I get worried when politicians visit to inform me about their aspirations and what you hear in terms of budgetary allocations for electoral contest does not cover voters’ education but very ridiculous sub-heads. A typical aspirant in Nigeria draws up budget to cover INEC, Police, Army and men and officers of the Civil Defense, instead of talking of voters’ education, mobilization and sensitization. Even where benchmarks are set for electoral expenditure, monitoring and compliance are always difficult to adhere to. We truly need to reform the political system. And we must deliberately get fresh hands involved for improved participation.

We need new ways and new approaches in our political order. We need a national rebirth. We need a rebranded Nigeria and rebranded politics. It is not so much for the people, but for the institutions that are put in place to promote our political engagements. We must strengthen the one man one vote mantra. It is often ridiculous for me when people use smaller countries in our West Africa sub-region as handy references of how democracy should be. It beggars our giant of Africa status.

The next election in 2019 therefore presents us a unique opportunity to reinvent the will and provoke fresh leadership that would immediately begin the process of healing the wounds in the land and ensuring that the wishes and aspirations of the people are realized in building and sustaining national cohesion and consensus. I pray the Almighty Allah grant us the gift of good life to witness that glorious dawn in 2019. Amen. I have not written an open letter to the President, I have just shared my thoughts with fellow compatriots on the need to enthrone younger blood into the mainstream of our political leadership starting from 2019.

There seem to be no let up on the scandals plaguing the National Intelligence Agency as another $202 million has been discovered to be missing from its coffers
 
Recall that first there was the issue of $43 million found in an Ikoyi, Lagos apartment said to belong to the NIA, Then there was the $44 million allegedly missing from the NIA’s coffers which the House  of Representatives mandated its committee on Public Safety and National Security to investigate.
 
Chairman of the Committee , Hon. Aminu Sani Jaji (APC Zamfara) said while investigating the missing $44 million as mandated by the House, a stunning discovery came to light that an additional $202 million is missing from the coffers of the NIA.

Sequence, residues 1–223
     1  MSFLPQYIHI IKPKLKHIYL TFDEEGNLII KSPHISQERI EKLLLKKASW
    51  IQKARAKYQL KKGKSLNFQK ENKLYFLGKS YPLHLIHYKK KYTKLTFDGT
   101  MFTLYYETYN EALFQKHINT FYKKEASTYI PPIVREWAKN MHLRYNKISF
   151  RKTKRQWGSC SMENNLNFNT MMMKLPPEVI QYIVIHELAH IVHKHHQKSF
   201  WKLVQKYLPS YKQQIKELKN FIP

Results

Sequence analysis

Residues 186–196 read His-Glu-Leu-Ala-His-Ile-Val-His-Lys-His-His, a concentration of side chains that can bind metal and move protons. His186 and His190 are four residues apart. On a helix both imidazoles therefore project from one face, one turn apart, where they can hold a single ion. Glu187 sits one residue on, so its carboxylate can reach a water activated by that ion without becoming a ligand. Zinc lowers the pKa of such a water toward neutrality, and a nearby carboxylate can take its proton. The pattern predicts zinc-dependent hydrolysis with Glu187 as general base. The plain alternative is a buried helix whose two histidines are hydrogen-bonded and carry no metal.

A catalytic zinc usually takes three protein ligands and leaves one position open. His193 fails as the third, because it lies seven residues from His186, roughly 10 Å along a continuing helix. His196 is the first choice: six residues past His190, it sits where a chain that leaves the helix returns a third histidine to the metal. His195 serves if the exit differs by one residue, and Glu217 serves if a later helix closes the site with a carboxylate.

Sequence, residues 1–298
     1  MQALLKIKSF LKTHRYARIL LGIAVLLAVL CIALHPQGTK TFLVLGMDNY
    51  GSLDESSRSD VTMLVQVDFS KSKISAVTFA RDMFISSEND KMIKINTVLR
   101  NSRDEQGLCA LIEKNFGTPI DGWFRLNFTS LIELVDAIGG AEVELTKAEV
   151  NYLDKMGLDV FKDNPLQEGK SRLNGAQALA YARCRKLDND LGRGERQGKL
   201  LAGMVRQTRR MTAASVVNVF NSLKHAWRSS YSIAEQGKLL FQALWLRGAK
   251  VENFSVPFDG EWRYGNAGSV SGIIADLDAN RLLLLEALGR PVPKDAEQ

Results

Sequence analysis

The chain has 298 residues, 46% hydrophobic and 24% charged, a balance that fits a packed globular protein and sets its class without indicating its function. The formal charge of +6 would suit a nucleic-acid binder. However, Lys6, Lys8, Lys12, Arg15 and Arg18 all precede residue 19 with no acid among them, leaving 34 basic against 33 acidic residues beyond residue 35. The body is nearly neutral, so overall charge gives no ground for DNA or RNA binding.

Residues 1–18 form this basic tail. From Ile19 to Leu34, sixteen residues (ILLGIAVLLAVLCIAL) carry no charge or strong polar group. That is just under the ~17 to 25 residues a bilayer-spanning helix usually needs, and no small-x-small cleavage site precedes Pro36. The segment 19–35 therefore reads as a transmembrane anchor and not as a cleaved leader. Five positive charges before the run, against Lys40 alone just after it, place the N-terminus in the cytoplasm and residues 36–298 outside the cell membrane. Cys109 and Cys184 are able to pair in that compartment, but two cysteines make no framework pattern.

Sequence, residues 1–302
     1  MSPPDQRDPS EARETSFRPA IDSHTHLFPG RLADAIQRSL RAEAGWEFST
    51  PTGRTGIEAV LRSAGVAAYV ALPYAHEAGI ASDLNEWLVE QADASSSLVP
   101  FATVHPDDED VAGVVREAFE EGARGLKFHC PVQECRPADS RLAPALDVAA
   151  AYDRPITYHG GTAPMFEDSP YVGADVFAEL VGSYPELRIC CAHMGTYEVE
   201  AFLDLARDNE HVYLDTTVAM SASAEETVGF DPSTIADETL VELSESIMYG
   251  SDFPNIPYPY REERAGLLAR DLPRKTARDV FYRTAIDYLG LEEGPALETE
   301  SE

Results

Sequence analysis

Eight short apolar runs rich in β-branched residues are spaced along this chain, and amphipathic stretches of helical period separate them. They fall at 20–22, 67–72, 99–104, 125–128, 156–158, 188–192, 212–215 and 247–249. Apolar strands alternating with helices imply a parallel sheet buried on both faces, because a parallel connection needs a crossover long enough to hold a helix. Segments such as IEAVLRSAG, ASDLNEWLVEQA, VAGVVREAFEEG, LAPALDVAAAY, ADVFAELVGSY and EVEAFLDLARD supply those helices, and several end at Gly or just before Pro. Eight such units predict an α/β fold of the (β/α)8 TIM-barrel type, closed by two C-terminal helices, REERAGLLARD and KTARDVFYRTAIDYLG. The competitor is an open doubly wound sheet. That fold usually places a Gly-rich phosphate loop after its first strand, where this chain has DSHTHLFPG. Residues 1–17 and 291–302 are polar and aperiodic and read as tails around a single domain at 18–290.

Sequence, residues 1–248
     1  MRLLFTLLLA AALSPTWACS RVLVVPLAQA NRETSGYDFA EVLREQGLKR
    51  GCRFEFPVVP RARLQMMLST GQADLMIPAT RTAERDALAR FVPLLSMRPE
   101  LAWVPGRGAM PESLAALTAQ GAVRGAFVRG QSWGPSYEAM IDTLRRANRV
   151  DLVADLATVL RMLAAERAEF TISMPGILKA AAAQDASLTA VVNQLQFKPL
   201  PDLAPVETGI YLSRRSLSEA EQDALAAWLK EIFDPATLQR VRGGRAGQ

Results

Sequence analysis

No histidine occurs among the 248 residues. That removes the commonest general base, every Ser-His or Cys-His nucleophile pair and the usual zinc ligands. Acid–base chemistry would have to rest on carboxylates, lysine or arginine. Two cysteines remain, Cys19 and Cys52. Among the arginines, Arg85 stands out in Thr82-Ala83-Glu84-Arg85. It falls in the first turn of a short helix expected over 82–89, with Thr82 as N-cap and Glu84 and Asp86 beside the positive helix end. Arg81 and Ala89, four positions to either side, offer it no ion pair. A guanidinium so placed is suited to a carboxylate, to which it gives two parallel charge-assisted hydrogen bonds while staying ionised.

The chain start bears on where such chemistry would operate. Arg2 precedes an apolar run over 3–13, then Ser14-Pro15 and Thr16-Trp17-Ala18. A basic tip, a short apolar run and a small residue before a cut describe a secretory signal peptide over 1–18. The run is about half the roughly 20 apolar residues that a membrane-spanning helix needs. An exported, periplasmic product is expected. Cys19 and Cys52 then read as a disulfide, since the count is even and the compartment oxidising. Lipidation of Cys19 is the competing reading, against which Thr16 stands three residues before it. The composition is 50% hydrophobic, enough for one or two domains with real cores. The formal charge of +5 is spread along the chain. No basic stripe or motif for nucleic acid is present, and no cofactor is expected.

In a post-meeting briefing with reporters at the weekend, the committee chair said it was discovered that a total of $289 million was given to the NIA by the Goodluck Jonathan administration for ” intervention”
 
According to him, the money was not appropriated by the National Assembly for the Agency.  “The NIA got the money for ‘intervention’ from the past administration. For whatever reason, the past DG, Ayo Oke failed to disclose to the present administration that we have this amount of money.,” he said.
 
He further said: “Even the National Security Adviser, said it was when our  committee began its investigation, they got the information that the NIA got $289million.
 
“You know we had a meeting with the NSA today ( Friday) we later discovered since last week in our meeting with the past Acting DG NIA that the $44 million is not missing.
 
“For now, I can categorically tell you the money is not missing. They only moved the money from one agency to another place pending when all the issues surrounding the agency is resolved.
 
“If you remember, there was this $44million which is among the $289million approved to the then Director-General, that is Ayo Oke. Just April last year, they discovered $43million in Ikoyi. He tried to say that the $44 million and $43million are part of the $289million.
 
But  for us, we are still working to see where the remaining $202 million was placed. We only know about the $43million now, the one discovered in Ikoyi and the $44 million in their vault. In the course of our investigation, we’ll come up with where the $289m really is, not the $43m and not the $44m but the entire amount.
 
“For me, the money($202million) is still missing. If you subtract $43million and $44million from $289million, then where is the balance? That’s why we’re where we are today. That is why we have to intensify our investigation.
 
On the issue of the citizenship of the the new DG of NIA Abubakar Rufai Ibrahim and his wife, Jaji said by the referral of the House to the committee, the circumstances surrounding his appointment was discussed.